Chicago’s Old Town

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All of Chicago’s buildings were not destroyed by the Great Fire of 1871 that left 100,000 homeless.  St. Michael’s Church, for example, was heavily damaged, but its brick walls were still standing after the fire.  Everything around it was destroyed.   The church was rebuilt and remains an important part of what is now known as Old Town, which is still home to many of Chicago’s older, Victorian era buildings.  They are scattered among its shops and houses like grandparents in the audience at a Miley Cyrus show.  Many of Old Town’s streets and alleys were there before Chicago burned, so they do not follow Chicago’s typical grid pattern nor does Old Town look like a new neighborhood made to look old.

Old Town was historically an immigrant and laborer community. One butcher shop owner in the early 1900s went on to become a household name–Oscar Meyer.   Another denizen became a map publisher–Andrew McNally.   After the laborers and beer makers moved our up or out, hippies moved in and Old Town became Chicago’s Haight-Ashberry.  Some of the incidents that marred the 1968 Democratic National Convention occurred in or near Old Town.  When the hippies moved on Puerto Ricans moved in and called this neighborhood La Clark.  Now the area is undergoing gentle gentrification.  However, the stores remain more neighborhood-like (The Spice House) than chain store.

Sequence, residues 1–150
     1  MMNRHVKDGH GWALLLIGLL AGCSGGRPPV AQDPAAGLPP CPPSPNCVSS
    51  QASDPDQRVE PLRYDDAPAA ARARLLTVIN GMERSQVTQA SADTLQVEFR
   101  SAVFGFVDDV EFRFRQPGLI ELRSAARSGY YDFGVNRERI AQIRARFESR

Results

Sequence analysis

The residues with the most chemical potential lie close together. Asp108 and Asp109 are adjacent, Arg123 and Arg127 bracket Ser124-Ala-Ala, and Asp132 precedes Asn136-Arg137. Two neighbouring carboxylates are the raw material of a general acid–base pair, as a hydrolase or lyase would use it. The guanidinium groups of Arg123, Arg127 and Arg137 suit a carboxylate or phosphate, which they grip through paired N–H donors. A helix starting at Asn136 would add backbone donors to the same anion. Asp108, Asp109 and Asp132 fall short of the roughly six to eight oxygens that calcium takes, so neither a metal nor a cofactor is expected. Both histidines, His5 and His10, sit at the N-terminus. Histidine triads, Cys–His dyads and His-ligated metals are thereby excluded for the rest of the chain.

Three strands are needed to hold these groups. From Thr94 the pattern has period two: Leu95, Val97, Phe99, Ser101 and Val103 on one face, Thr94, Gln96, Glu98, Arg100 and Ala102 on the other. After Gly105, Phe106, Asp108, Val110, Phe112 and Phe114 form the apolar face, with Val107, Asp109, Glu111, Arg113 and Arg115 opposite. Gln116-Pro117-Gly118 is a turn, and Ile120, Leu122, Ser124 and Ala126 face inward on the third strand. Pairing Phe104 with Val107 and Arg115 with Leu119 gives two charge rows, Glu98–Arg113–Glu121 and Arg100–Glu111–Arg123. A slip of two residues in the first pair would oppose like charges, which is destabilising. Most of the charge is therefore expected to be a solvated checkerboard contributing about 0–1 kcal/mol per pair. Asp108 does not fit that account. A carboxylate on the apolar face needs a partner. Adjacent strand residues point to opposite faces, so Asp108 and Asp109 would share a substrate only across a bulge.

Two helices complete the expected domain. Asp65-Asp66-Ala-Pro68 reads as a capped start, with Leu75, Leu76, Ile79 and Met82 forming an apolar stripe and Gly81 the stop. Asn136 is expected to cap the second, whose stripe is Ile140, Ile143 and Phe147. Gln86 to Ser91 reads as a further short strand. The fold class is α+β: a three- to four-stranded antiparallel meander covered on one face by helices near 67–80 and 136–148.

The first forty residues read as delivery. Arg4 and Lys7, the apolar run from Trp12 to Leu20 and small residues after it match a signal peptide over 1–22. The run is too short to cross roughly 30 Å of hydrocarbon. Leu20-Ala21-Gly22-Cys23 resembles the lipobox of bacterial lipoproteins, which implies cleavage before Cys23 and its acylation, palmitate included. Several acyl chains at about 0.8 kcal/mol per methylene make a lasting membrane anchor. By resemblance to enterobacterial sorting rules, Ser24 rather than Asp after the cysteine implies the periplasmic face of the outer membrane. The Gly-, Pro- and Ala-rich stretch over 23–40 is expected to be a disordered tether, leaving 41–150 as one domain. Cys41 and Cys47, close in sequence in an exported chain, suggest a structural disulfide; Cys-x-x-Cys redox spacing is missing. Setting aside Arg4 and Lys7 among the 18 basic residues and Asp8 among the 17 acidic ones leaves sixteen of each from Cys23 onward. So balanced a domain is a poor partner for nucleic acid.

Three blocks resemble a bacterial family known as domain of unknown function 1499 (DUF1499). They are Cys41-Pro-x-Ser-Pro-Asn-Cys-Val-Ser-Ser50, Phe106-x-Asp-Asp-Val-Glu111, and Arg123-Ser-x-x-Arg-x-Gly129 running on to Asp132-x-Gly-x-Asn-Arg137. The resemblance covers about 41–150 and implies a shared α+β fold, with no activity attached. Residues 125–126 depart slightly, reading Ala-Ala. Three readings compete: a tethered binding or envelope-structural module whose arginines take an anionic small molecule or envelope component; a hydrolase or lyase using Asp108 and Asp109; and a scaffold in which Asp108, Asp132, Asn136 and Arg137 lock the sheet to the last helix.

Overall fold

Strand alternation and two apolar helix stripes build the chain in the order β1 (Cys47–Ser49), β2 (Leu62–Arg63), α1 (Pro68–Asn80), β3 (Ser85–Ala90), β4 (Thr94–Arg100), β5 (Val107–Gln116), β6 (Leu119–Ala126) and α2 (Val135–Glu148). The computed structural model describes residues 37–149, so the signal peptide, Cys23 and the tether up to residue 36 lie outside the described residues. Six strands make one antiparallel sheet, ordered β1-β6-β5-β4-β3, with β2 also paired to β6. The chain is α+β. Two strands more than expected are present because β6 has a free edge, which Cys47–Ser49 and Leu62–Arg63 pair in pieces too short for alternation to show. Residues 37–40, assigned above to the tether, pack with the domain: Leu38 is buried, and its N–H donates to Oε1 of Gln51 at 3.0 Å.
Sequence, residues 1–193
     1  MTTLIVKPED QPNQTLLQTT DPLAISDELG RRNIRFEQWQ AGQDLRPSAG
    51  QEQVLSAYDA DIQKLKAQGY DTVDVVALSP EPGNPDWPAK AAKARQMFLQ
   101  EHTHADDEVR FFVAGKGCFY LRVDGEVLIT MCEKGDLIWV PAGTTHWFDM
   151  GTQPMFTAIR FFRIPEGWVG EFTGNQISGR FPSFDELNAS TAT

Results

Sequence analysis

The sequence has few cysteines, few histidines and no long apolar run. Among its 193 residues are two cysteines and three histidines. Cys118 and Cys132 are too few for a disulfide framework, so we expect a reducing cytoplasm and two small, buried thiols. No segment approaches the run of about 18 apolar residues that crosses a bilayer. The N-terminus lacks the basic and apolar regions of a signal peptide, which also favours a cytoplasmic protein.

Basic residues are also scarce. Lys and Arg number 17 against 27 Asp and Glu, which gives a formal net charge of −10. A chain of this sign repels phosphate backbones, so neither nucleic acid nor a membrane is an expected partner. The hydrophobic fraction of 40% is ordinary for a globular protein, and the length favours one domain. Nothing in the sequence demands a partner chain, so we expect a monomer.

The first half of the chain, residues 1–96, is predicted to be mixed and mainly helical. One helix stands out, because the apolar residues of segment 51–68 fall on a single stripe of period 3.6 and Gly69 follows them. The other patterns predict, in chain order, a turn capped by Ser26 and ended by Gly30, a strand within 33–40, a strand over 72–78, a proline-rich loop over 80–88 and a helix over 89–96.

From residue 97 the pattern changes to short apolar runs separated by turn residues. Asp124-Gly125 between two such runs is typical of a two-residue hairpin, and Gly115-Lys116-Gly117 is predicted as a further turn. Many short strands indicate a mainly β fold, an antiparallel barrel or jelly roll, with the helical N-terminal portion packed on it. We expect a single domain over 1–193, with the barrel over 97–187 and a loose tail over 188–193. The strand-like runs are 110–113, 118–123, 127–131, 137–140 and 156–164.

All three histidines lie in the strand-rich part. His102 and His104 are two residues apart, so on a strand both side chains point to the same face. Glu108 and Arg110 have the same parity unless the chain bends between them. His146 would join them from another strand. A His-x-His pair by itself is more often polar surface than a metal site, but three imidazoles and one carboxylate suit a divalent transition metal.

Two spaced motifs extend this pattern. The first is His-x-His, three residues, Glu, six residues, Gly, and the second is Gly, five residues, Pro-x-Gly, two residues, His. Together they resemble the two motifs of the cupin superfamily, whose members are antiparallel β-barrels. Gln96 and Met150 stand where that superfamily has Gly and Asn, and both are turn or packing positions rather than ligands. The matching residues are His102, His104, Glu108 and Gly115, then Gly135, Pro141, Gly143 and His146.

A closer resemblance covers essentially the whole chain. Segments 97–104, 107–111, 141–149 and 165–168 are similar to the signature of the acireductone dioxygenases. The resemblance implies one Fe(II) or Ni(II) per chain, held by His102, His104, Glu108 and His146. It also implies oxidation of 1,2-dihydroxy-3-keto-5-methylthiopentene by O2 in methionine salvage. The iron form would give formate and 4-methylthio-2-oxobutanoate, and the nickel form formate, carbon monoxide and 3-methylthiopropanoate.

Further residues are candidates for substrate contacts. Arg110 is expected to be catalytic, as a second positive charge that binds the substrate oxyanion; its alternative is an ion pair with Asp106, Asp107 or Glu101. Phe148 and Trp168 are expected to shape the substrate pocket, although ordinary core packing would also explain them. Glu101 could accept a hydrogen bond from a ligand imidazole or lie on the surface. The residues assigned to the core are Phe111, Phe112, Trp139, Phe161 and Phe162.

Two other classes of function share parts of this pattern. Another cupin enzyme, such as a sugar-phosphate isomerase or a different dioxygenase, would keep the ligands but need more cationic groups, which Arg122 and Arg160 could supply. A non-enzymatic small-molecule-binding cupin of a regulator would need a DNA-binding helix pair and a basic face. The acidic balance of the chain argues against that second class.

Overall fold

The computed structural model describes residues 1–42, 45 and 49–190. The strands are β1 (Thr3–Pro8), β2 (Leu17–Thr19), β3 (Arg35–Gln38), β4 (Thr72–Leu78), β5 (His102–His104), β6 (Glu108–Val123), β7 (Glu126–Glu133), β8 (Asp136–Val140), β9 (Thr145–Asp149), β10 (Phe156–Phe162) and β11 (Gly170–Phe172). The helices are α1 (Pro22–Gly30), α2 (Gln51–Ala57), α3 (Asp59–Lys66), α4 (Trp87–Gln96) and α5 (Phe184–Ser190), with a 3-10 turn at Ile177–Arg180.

Ruth and learned about Old Town when I asked the concierge at our fun hotel, The Hard Rock, if there was anything new in Chicago to investigate and write about.  He didn’t hesitate before saying, “Old Town and Bronzeville”.  South of Lincoln Park and west of the Gold Coast, Old Town’s unofficial main street is Wells.  On this street you will find a landmark Chicago institution, Second City, and a great, lively, inexpensive pub/restaurant, Benchmark.

Over time we have learned a valuable travel lesson…get to know and trust the hotel concierge and you’ll benefit.  In fact, many of Chicago’s concierges contribute to a hospitality publication called Concierge Preferred that we found a great source of valuable info not available elsewhere.

Hank

 

 

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About roadsrus

Since the beginning, I've had to avoid writing about the downside of travel in order to sell more than 100 articles. Just because something negative happened doesn't mean your trip was ruined. But tell that to publishers who are into 5-star cruise and tropical beach fantasies. I want to tell what happened on my way to the beach, and it may not have been all that pleasant. My number one rule of the road is...today's disaster is tomorrow's great story. My travel experiences have appeared in about twenty magazines and newspapers. I've been in all 50 states more than once and more than 50 countries. Ruth and I love to travel internationally--Japan, Canada, China, Argentina, Hungary, Iceland, Italy, etc. Within the next 2 years we will have visited all of the European countries. But our favorite destination is Australia. Ruth and I have been there 9 times. I've written a book about Australia's Outback, ALONE NEAR ALICE, which is available through both Amazon & Barnes & Noble. My first fictional work, MOVING FORWARD, GETTING NOWHERE, has recently been posted on Amazon. It's a contemporary, hopefully funny re-telling of The Odyssey. View all posts by roadsrus

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